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DSA Group Assignment

Example of a Perfect Hashing Function


The perfect hashing technique uses a hash function that provides a worst case search of O (1)
on a set of static keys. Given the randomly generated data set [79,33,25,65,40,9,19,31] we will
demonstrate how the perfect hash function works.
We will create a primary hash function
h(x)=((ak+b) %p) MOD m
where:
m=n (number of keys)
n=8
p=83 {smallest prime integer after the largest key}
a=11 {randomly chosen value}
b=29 {randomly chosen value}
h(x) = ((11k+29) % 83) MOD 8

Hashing to get primary table key indices

key h(x) [index]


79 4
33 4
25 7
65 0
40 6
9 5
19 0
31 6

Counters for ni (Keys hashing to the index (i))

I NI NI 2
0 2 [65 and 19] 4
4 2 [79 and 33] 4
5 1 [9] 1
6 2 [40 and 31] 4
7 1 [25] 1
∑ ni2 = 14
Evaluating whether h(x) is good hashing function
∑ni2 < 2n
14 < 16
The primary hash function is a good hash function. Proceeding to creating the secondary hash
function as summation of ni2 is less than 2n.
Creating a secondary hash function and choosing arbitrary values for ai and bi

index mi ai bi hi
0 4 5 37 ((5k+37) % 83) MOD 4
4 4 7 23 ((7k+23) % 83) MOD 4
5 1 0 0 ((0k+0) % 83) MOD 1
6 4 13 19 ((13k+19) % 83) MOD 4
7 1 0 0 ((0k+0) % 83) MOD 1
Primary and Secondary Slots for keys
Key Pr Hash Index h(x) Sec Hash Index hi(x)
79 4 2
33 4 1
25 7 0
65 0 2
40 6 1
9 5 0
19 0 1
31 6 3

Graphical Representation of the Data Set in the hash table

Introduction to Algorithms Question 11.41d


A family of universal hash functions H is 2-universal if for all x, y Є U such that x ≠ y and
Probability of h(x) = h(y) is ≤ 1/p, using one hash function from such a family means that
there exists p other function in the set H that can map m to h(m). Again, since Alice and Bob
had already agreed in advance which function h in H to use, it is practically impossible for the
adversary to identify the exact function they agreed. Even if he knows the family H, he can
only use one of them which has a probability of 1/p in fooling Bob. Therefore, we can conclude
that the probability of the adversary successfully intercepting the message and fooling Bob is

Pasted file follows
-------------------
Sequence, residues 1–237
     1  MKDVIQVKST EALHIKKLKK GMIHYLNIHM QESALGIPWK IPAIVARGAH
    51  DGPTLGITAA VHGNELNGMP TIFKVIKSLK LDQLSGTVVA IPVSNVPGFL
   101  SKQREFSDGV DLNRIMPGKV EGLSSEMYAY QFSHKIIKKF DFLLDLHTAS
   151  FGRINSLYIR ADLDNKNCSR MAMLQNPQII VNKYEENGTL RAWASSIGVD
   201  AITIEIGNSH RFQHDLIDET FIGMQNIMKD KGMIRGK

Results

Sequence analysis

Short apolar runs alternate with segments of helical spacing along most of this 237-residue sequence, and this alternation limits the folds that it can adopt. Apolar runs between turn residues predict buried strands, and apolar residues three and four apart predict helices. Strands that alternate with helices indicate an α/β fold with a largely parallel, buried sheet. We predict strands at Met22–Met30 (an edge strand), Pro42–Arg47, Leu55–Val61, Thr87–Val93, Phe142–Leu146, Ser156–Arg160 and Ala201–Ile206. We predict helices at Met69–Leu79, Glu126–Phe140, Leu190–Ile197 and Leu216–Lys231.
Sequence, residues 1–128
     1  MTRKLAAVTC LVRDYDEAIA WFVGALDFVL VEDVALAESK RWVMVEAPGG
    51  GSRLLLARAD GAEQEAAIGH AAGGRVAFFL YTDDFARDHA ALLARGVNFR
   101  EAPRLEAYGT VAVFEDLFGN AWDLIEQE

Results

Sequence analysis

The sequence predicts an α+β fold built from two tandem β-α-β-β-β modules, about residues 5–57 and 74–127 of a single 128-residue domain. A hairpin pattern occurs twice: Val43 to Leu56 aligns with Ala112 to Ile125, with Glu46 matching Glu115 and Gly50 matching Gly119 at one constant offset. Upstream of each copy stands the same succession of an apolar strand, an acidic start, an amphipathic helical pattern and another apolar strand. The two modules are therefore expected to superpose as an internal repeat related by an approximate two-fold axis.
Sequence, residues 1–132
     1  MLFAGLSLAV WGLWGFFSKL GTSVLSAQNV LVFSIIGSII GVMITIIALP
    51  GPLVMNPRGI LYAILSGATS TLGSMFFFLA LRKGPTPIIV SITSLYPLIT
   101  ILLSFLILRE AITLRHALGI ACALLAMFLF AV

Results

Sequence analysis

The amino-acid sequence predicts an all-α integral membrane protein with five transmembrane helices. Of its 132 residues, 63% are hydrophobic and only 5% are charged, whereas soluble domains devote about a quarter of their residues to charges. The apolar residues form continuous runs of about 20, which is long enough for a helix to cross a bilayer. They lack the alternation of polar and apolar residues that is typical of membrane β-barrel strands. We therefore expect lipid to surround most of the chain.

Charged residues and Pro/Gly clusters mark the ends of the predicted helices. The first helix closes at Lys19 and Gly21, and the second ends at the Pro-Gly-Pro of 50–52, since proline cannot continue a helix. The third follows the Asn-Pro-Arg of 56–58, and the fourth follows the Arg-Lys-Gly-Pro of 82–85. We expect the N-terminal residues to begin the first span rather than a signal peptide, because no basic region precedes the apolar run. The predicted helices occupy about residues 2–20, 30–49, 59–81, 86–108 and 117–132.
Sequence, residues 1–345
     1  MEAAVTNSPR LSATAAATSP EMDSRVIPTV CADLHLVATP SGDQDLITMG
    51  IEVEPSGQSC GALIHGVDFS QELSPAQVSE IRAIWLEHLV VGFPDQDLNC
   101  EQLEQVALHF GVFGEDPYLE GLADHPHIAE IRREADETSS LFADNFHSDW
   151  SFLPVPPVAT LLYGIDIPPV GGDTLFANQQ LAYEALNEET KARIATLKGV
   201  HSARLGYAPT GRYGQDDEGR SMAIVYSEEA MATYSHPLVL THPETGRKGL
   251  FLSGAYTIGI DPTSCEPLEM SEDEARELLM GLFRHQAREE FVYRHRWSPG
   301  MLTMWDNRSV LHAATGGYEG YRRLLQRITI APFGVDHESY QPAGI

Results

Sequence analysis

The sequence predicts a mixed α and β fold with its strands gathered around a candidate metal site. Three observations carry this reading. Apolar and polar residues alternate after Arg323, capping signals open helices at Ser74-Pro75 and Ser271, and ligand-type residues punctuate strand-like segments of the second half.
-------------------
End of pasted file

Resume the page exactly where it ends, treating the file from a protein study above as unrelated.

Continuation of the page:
1/p.
The Decrypt ability of md5

Message Digest 5 simply referred to as md5 is a hashing function that takes in a message of
arbitrary length and produces a 128-bit hash value called a fingerprint or message digest. It was
designed by an MIT Professor Ronald Linn Rivest in 1991 to replace an earlier hash function
called md4. According to a specification by the internet Engineering task force (IETF),
hypothetically, it is computationally infeasible to produce two messages having the same
message digest, or to produce any message having a given prespecified target message digest.
It was primarily intended for digital signature applications where large files must be
compressed in a secure manner before being encrypted with a secret key under a public-key
cryptosystem. For instance, downloads of Linux OS Distributions. Over the past years its use
has been broadened to more than just digital signatures.
Other applications of md5 include: providing assurance to validity of downloaded file using
checksums (md5checksums), electronic discovery and one-way encryption for password
storage. For the password storage key stretching is added to enhance security of the passwords.
This discussion attempts to evaluate whether md5 can be decrypted or not by analyzing how it
works and its potential weaknesses.
md5 works in 5 steps to produce an output.
Step 1 of the md5 algorithm is to append padding bits to the message:
The message is extended to that its length in bits is congruent to 448, module 512. Even when
the message length is already congruent to 448, modulo 512, padding is still performed. A
single 1 bit is appended to the message and then 0s are appended so that the length of the
message becomes congruent to 448, modulo 512. In all cases a maximum of 512 and a